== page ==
The Anecdote Era Swamps Data
Collecting personal stories was difficult until social media and smartphones
“Anecdotes aren’t data” is a phrase that used to hang on the wall of a director at a non-profit where I once worked. Yet, we are living in the age of the convincing anecdote that goes to scale and bounces around the echo chambers like a bullet in a bell.
Nicki Minaj’s cousin’s friend’s testicles are better known than the efficacy data associated with vaccination status — the low rate of breakthrough cases, the even lower rate of severe illness for these cases, and the still lower rate of death for the vaccinated. These are not data people can easily recall or quote with confidence, but we all know about that counsin’s friend’s junk.
Observing social media feeds via Facebook, YouTube, and Instagram, it’s easy to see why anecdotes are triumphant. With great media formats and visual clarity, and some great out-of-the-box production tricks built into phones and platforms, we’re staring people in the eye who are telling us stories that win over some minds. Anecdotes are stories, and stories beat data.
This exploits many vulnerabilities of human perception, as the human mind generally creates stories without effort, making any data point seem to tell a story. For instance, listing out the raw number of cases each day can drive the perception that Covid is rampant because a number of a few thousand suggests a big story. But when you translate these same numbers into percentages, the low numbers that emerge are calming, and the story changes. When you further process these into vaccinated vs. unvaccinated rates, and then throw in the percentages that result in hospitalization or death for each group, the raw case numbers seem uninformative and random.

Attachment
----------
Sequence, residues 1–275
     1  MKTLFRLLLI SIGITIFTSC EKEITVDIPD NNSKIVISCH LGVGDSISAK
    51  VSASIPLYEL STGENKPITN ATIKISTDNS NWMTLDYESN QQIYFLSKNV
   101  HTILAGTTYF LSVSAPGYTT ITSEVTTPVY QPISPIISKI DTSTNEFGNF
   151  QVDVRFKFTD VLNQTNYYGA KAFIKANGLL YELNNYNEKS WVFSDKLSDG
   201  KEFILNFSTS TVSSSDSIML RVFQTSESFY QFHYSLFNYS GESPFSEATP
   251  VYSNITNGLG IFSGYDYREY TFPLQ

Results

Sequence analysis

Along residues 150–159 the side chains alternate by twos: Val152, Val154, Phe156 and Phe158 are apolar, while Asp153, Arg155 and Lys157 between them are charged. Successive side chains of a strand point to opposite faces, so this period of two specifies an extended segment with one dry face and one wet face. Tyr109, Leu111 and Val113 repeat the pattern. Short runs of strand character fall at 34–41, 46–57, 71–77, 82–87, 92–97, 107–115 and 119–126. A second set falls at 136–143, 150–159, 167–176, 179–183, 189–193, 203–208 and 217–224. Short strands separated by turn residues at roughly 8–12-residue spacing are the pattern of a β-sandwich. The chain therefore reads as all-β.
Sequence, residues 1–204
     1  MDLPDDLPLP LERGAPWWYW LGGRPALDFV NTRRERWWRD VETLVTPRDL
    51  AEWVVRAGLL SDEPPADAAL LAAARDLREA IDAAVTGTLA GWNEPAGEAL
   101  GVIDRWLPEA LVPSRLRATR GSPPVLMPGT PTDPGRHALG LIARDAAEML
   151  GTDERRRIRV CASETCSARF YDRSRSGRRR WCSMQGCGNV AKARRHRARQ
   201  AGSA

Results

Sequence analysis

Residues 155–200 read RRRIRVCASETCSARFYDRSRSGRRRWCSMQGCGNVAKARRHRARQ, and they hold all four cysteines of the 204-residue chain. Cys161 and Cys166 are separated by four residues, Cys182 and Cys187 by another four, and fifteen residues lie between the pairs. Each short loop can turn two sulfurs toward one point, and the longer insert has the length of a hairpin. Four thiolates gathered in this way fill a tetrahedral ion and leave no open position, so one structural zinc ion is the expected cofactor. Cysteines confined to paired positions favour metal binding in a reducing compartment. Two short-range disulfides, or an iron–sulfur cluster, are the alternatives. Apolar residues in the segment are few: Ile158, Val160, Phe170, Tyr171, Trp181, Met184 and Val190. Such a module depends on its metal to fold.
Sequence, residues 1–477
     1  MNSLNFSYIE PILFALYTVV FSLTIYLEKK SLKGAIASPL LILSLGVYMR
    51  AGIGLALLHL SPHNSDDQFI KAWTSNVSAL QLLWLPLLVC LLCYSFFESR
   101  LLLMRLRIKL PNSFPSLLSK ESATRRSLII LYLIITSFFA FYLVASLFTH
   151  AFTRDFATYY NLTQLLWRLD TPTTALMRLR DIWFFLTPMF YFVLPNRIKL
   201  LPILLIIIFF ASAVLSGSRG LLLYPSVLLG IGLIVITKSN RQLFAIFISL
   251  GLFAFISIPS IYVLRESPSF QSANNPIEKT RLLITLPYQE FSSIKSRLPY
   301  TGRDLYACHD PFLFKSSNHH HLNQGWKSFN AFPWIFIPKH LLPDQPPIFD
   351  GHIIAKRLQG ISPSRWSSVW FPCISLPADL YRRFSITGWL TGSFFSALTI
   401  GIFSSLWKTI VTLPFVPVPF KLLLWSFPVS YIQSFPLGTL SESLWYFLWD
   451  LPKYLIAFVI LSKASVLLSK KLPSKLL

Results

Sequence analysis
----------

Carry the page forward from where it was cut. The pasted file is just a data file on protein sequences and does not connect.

Flip this around, and an anecdote can draw on the same story-making impulse, turning a single instance into a story about the tip of an iceberg — a sense that much more is going on, and we are seeing the first inkling. The idea that a story is false or standalone or unrepresentative comes to us less naturally than belief and extrapolation.
The Internet is tilting toward an anecdote machine, with TikTok, Instagram, Twitter, and more mainstream media promoting personal stories and one-to-many interactions above trusted intermediatries interpreting broader trends and working out the numbers using even elementary school math.
The era of “I had my Covid jab, and here’s my anecdote” seems to be gearing up for another round based on boosters — so watch Twitter for anecdotes about being wiped out, or feeling no effect, or having a sore arm, or feeling a little cruddy a half day later. Then, wonder where the data are.
This shift toward the anecdote and away from the data is worth clocking. It’s everywhere once you mark it, and corrosive, exploitable, and unhelpful.
That said, stories are often more effective, so what we need are consistent stories about the data. Where are you, CDC, with a daily story about the data that proves compelling? Where are the data stories to counterbalance and overshadow the anecdotes?